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New World Order
Guest
Eva I will try one more time to get my point across. I think one must distinguish between a Party’s public tactics (in this case-a call forearly elections) and the Party’s (or the Party’s leader’s private calculations) (in this case, understanding that becasue it is probably not in the interest of any Party to have early elections, they will not occur). In this case, this is a perfect example of a basic Prisoners’ dilemma. Each Party knowing that early elections are not in their interest believes they can “call for such elections” as a way of distinguishng themselves, but do not actually have to risk an election now as long as the other Parties also act rationally. The cartoon is a good one because, like all such instances, these situations can fall apart if the various Parties mis-judge each other’s intentions. On this point, Eva, what do you think is in the best interests of the two small Parties? How do you think they can find a consistent block of support? For SzDSz, what is gained by staying in coalition with the MSZP when Gy and the MSZP believe their sole road to political salvation is to “throw out” SzDSz’s… Read more »
dinayekapelye
Guest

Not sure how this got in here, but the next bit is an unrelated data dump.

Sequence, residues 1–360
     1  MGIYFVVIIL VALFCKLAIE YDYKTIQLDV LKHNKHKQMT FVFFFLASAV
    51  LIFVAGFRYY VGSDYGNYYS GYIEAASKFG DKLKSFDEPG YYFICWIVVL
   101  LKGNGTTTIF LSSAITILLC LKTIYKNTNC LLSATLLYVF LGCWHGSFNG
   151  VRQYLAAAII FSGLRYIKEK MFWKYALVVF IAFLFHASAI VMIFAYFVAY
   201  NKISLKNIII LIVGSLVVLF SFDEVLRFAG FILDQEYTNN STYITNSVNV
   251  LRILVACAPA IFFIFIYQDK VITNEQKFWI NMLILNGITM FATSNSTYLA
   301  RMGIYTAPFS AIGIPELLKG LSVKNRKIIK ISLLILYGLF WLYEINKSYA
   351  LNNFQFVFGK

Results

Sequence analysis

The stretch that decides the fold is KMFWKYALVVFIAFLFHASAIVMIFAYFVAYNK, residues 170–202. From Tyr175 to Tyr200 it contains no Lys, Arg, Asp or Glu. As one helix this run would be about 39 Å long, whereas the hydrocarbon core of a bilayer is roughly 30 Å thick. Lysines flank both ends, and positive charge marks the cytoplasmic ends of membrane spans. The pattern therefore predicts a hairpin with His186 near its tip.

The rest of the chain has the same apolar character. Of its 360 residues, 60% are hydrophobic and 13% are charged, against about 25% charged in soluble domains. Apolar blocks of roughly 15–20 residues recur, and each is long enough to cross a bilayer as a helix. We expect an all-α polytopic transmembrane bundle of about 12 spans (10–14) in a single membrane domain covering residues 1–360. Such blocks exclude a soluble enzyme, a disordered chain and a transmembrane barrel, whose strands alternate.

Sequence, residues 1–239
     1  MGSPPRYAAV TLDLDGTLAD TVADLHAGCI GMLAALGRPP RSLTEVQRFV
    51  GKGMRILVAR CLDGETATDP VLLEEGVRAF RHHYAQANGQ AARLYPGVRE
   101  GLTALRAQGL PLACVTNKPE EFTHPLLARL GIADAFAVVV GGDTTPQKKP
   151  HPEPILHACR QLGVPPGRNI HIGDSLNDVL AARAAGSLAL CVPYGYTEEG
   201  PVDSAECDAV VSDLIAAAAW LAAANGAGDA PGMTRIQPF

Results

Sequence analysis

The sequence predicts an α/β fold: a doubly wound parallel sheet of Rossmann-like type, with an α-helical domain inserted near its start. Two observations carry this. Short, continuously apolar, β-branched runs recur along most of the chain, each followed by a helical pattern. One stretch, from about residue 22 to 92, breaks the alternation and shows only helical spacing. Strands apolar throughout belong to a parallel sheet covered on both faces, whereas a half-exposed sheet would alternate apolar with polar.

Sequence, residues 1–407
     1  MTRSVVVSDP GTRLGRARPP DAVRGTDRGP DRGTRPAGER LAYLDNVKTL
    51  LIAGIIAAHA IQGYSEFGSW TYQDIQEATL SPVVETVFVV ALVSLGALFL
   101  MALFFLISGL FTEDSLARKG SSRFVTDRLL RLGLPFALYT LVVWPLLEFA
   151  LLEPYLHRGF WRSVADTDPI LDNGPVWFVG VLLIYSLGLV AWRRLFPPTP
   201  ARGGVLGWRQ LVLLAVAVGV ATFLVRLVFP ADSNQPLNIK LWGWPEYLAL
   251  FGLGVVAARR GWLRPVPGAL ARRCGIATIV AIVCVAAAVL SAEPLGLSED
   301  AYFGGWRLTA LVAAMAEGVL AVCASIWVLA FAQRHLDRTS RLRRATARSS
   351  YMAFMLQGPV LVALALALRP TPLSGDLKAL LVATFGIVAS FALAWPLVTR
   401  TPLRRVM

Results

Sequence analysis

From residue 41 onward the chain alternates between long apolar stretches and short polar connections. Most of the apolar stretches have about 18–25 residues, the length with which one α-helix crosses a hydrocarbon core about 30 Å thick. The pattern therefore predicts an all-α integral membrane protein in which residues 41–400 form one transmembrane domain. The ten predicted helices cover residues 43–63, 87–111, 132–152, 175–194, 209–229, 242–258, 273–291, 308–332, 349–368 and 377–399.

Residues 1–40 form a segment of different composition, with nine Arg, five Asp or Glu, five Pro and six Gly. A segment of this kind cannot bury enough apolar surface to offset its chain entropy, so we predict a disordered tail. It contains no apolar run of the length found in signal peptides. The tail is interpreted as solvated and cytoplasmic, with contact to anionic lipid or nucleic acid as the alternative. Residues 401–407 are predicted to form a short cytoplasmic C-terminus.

Eva, you never answered my observation pointing out your logical inconsistency (previous post). But since that is not your habit when cornered (I know, no time, more pressing things…), let’s precede anyway. It may also be that there are some politicians who are just conceivably more motivated by their own moral stand than by political gain? Is this within your compass of comprehension? Also on bias in observations in the forming of theoretical discourse you are right that bias is inevitable as many more eloquent people have pointed out before. You unfortunately are not widely read (stuck in political tittle-tattle most of your life) and have had a blinkered academic career. Otherwise you would know and understand the corollarly to your argument. Just to upset Dumneazu, I will point you in the right direction with some choice passages gleaned from self-compiled chrestomathy: “All human knowledge thus begins with intuitions, proceeds thence to concepts, and ends with ideas.” – Kant, B 730, Critique of Pure Reason (1787) “A person’s processes are psychologically channelized by the way in which he anticipates events.” – Kelly, G. A. (1955) “The Psychology of Personal Constructs”, New York: Norton, p.46 “Twenty-five years ago I tried to… Read more »